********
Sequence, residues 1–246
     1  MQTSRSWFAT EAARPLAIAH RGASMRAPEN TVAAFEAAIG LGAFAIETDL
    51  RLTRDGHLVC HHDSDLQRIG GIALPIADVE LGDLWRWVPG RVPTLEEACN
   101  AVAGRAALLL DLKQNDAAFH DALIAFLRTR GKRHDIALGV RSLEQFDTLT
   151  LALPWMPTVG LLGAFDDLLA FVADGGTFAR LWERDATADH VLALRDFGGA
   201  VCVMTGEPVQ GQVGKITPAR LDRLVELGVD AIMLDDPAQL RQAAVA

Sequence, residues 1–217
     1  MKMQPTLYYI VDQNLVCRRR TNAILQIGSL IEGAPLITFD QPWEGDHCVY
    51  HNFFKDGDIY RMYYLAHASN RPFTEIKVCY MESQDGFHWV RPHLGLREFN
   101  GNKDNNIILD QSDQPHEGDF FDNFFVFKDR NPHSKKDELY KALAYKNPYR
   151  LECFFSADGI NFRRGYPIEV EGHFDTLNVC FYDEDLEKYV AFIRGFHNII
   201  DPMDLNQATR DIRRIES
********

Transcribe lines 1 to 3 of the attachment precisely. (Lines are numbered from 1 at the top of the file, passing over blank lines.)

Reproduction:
Sequence, residues 1–246
     1  MQTSRSWFAT EAARPLAIAH RGASMRAPEN TVAAFEAAIG LGAFAIETDL
    51  RLTRDGHLVC HHDSDLQRIG GIALPIADVE LGDLWRWVPG RVPTLEEACN